Who doesn’t want glossy hair, especially when it means your color shines through more vibrantly? Perhaps you want to give your naturally brunette hair a color boost, or maybe you’ve just had your hair colored and you want to keep your new highlights looking fresh for longer. Whatever your situation is, you might have thought about a tinted at-home hair gloss.
These products are normally quite affordable and easy to apply. But what do they really do? Are they good for your hair, or are there reasons you shouldn’t use them? We asked four hair experts to find out.
What ARE hair glosses, anyway?
There are clear hair glosses that simply condition and smoothe the hair, but we’ll be focused on the tinted versions. They contain pigment to create a nonpermanent color change, and they also condition and can add shine to your hair. The final color result depends on various factors, from your natural hair color to the amount of pigment in the product to how long you leave it on for.
Benefits of tinted hair glosses
Tinted glosses can be an easy way to play with your hair color. They’re semi-permanent, meaning the color will wash out over time (typically after eight to 10 shampoos).
The semi-permanence comes from the size of the pigment molecules, explained Guy Parsons, a trichologist, hairdresser and founder of My Hair Doctor.
“They stain the hair, they are synthetic or vegetal pigments, which are too large to penetrate the inner sanctum of the hair, so they lay on the outer layer, reflecting light and creating the illusion of shine,” Parsons said. “They act like filler does for a hole in a wall by smoothing over the outer layer of the hair.”
Experts said glosses were good for refreshing and correcting color tones (including brassy ones), as well as for increasing shine.
“Hair can end up dulling itself out from styling it with hot tools, hair dye and sun exposure,” said Jamila Powell, founder of Naturally Drenched and Maggie Rose Salon, a texture-focused hair salon in Florida. “A hair gloss will help to work against all of these factors, smoothing and conditioning the hair cuticles to restore a healthy shine and vibrancy.”
Guy Tang, a color expert and founder of #MyDentity, recommends clients use glosses between hair-coloring appointments. They are also a more affordable way to change your hair color in comparison to a full color treatment.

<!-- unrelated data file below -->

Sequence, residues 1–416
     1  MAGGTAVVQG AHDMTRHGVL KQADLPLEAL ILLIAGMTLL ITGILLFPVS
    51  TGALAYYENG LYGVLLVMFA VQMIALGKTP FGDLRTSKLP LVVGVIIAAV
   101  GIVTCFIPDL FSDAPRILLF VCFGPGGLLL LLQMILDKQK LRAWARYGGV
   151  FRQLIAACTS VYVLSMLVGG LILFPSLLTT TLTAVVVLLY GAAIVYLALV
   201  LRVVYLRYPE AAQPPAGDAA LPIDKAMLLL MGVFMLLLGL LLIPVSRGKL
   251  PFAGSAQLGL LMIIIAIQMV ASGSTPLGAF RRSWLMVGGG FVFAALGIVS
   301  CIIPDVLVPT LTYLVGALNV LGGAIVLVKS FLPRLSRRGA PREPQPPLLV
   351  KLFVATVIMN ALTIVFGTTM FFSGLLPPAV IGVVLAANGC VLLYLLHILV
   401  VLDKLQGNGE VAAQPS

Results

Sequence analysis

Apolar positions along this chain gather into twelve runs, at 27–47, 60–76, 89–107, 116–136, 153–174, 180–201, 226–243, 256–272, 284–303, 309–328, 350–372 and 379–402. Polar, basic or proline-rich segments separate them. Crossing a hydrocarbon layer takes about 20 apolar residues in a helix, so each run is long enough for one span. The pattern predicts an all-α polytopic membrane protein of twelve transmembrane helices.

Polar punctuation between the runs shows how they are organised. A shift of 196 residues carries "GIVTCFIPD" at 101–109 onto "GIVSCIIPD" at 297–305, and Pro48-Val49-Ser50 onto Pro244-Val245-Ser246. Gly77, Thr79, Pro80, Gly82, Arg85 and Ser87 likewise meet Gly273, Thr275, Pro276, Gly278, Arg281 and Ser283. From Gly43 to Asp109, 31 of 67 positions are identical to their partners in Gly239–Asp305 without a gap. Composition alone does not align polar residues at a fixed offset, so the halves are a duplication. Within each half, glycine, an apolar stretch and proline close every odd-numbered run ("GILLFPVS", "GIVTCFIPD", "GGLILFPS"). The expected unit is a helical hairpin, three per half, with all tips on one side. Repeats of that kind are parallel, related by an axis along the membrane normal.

Who can and can’t use tinted glosses?
The experts agreed that, by definition, everyone can use tinted hair glosses.
“Hair glosses can be applied to any and all hair types and textures,” Powell said. “Hair gloss is a very universal product, so it can be used whether your hair is thin and straight, thick and curly, or anywhere in between.”
But Parsons noted that care should be taken when choosing the gloss color.
“They can really serve a purpose in terms of brunette tones, as they can enrich brown hair, and red tones can enrich red hair,” he said. “However, they should be treated with a little caution as the violet tones can easily change the color of blonde hair to a variant of violet.” He recommended taking a small amount from a tester and pouring it on white tissue to see the true color if you are blonde.
And on really dark hair, a bright color will probably not make a big difference. But Tang said you could opt for something like a dark red gloss to enhance your hair’s red tones or go for a clear gloss to just ad shine.
Clariss Rubenstein, a celebrity hairstylist, explained that hair glosses won’t lighten or lift the hair color — so as long as you use them to enhance your color or cancel brassiness, you’ll be fine. She said a gloss is the next best thing if you can’t have color correction done in a salon, but she still advised consulting your colorist first.
Can glosses damage your hair?
The experts agreed that glosses won’t damage your hair if you use them correctly. But there are a few things to be mindful of.
Hair glosses are far less damaging than regular hair dyes, but Powell still advised not using ones that are high in chemical content very often.
Rubenstein said overusing tinted hair glosses will likely result in buildup in the hair and scalp. “Some glosses can have a small amount of peroxide in it,” she said. “If used sparingly, it won’t dry hair out. If used excessively, then buildup will occur.”
What should you avoid?
Be extra careful if you are allergic to certain ingredients or color treatments. Powell advised avoiding glosses if you’ve been sensitive to other hair color treatments in the past.
A bad hair gloss may cause an allergic reaction or the color may last longer than advertised, Parsons said.
“Most importantly, you are looking to avoid PPD, a time dye molecule, which is not only more of a permanent hair color molecule but also is proven to cause allergic reaction and possible anaphylactic shock,” he said. “One should also look to anything that may allude to permanent coloring such as ammonium-based ingredients.”
Overall, the experts agreed that a tinted hair gloss can be an easy way to boost your hair color in between appointments — so as long as you don’t overuse them or aren’t allergic to them, you’ve got a green light to give glosses a try.
The tinted hair glosses recommended by the experts
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